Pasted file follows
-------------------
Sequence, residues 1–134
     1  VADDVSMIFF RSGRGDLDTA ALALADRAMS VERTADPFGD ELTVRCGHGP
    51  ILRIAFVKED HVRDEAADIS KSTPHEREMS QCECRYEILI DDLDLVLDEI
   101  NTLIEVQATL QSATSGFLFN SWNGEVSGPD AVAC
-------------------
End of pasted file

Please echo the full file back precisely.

Sequence, residues 1–134
     1  VADDVSMIFF RSGRGDLDTA ALALADRAMS VERTADPFGD ELTVRCGHGP
    51  ILRIAFVKED HVRDEAADIS KSTPHEREMS QCECRYEILI DDLDLVLDEI
   101  NTLIEVQATL QSATSGFLFN SWNGEVSGPD AVAC